Mercy's Registered Dietitian Leigh Tracy Addresses Foods and Cancer Prevention

January 23, 2018
Center for Endocrincology at Mercy - Baltimore, MD

Are there certain foods that can actually help prevent cancer, or at least reduce your risk for developing the disease? Mercy registered dietitian Leigh Tracy, RD, LDN, CDE, recently answered questions on this issue from NEWSMAX HEALTH.

How do you view the connection between food and cancer?
There isn’t any one food that will prevent or cure cancer, which is why it is important to consume a variety of wholesome foods such as fruits, vegetables, whole grains, lean proteins, and low-fat dairy on a regular basis. Phytochemicals are compounds found in plant foods that may promote health. We do know that eating more plant-based foods, engaging in regular physical activity, and maintaining a healthy weight can reduce the risk of developing cancer.

For which cancers is the correlation strongest?
According to the American Institute for Cancer Research (AICR), consuming more than 18 oz of red meat, such as lamb, pork, and beef, per week can increase the risk of developing colorectal cancer; however, exactly how red meat affects the development of the cancer is still unclear.

Additionally, AICR recommends significantly limiting intake of processed meats, including hot dogs, bacon, lunchmeats, and ham, because research indicates that regular consumption increases the risk of developing stomach and colorectal cancers.

What foods should you eat?
Cruciferous vegetables – Broccoli, kale, Brussel sprouts, cauliflower, cabbage, and collard greens. Cruciferous vegetables are a good source of fiber and vitamin C as well health promoting phytochemicals, indoles and glucosinolates. Research suggests that incorporating foods with fiber may lower the risk of certain cancers such as colorectal cancer.

Foods high in dietary fiber that may lower the risk of developing colorectal cancer include  cruciferous vegetables, blueberries, cherries, dry beans and peas, and grapefruit.

Remember, it is important to eat a variety of colorful foods so you can get a variety of health promoting nutrients.

Although prevention is the focus of this article, feel free to tell me a little about how you work with patients.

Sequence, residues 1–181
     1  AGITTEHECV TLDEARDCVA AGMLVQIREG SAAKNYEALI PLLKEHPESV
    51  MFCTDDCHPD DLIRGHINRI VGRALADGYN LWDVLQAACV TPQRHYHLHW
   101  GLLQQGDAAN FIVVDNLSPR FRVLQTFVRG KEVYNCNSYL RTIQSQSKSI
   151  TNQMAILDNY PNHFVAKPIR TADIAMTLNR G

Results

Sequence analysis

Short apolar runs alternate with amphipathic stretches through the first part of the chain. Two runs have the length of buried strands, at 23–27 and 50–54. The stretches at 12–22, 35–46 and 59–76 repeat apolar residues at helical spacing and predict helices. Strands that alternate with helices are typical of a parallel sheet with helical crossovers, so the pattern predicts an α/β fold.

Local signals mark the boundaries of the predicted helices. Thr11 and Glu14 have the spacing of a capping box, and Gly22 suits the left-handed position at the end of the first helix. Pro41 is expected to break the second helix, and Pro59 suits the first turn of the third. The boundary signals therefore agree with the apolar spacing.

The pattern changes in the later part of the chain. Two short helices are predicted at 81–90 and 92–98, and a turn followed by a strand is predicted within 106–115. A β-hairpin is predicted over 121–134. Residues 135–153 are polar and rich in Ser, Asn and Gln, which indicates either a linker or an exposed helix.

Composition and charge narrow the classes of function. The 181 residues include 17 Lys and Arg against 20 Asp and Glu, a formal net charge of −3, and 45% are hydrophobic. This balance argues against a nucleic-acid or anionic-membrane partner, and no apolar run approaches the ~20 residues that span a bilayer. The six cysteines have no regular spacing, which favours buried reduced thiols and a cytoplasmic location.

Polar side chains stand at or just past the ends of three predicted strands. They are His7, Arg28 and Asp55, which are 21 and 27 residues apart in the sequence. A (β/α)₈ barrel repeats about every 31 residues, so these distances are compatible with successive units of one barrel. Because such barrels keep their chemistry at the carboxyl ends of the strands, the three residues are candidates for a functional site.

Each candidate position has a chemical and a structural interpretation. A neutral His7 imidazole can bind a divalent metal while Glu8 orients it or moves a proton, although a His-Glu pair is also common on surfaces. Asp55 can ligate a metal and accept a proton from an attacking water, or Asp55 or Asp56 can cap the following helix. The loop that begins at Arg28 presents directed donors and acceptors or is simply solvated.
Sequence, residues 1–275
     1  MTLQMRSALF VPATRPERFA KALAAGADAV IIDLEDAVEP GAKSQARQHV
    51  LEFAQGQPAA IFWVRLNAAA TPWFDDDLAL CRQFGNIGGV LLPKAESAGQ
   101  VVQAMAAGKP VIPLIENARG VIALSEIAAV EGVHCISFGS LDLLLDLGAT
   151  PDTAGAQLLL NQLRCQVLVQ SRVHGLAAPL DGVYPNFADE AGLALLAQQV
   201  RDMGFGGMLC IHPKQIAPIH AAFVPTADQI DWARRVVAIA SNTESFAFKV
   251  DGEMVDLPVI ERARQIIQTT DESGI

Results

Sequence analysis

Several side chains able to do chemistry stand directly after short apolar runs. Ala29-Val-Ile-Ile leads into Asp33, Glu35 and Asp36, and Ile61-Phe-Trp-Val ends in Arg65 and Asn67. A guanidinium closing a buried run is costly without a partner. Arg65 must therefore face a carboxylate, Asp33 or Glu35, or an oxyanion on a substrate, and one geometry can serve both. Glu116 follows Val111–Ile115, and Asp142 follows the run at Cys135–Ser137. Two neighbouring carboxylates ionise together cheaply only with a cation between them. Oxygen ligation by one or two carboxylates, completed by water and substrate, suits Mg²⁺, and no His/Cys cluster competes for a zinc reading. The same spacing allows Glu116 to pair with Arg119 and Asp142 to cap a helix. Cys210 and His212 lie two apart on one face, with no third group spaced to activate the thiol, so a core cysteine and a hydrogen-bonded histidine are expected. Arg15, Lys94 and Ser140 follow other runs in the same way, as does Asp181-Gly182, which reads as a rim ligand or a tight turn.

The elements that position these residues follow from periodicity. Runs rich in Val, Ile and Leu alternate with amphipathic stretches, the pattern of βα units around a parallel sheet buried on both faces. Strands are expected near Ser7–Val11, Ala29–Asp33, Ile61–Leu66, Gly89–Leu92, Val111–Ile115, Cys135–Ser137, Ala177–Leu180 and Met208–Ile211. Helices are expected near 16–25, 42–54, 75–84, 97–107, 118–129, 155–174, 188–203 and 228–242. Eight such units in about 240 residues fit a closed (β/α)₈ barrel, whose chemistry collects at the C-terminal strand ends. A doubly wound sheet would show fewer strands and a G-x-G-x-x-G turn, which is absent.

I help patients while they undergo cancer treatment, whether it’s surgery, chemotherapy, or radiation. I also work with cancer survivors on how to maintain a healthy lifestyle after treatment. The patient’s nutritional needs while undergoing treatment can depend on his/her treatment-induced side effects. People can experience various side effects including nausea, vomiting, diarrhea, constipation, taste alterations, sensitivity to cold, and fatigue to name a few. 

I typically recommend people obtain nutrients from their food choices rather than from supplement pills.  

--Leigh Tracy, RD, LDN, CDE, Mercy Medical Center


Dan Collins - Senior Director of Media Relations at Mercy Medical Center

Dan Collins, Senior Director of Media Relations

Email: dcollins@mdmercy.com Office: 410-332-9714 Cell: 410-375-7342

About Mercy

Founded in 1874 in downtown Baltimore by the Sisters of Mercy, Mercy Medical Center is a 183-licensed bed acute care university-affiliated teaching hospital. Mercy has been recognized as a top Maryland hospital by U.S. News & World Report; a Top 100 hospital for Women’s Health & Orthopedics by Healthgrades; is currently A-rated for Hospital Safety (Leapfrog Group), and is recognized by the American Nurses Credentialing Center as a Magnet Hospital. Mercy Medical Center is part of Mercy Health Services (MHS), the parent of Mercy’s primary care and specialty care physician enterprise, known as Mercy Personal Physicians, which employs more than 200 providers with locations in Baltimore, Lutherville, Overlea, Glen Burnie, Columbia and Reisterstown. For more information about Mercy, visit www.mdmercy.com, MDMercyMedia on FacebookTwitter, or call 1-800-MD-Mercy.

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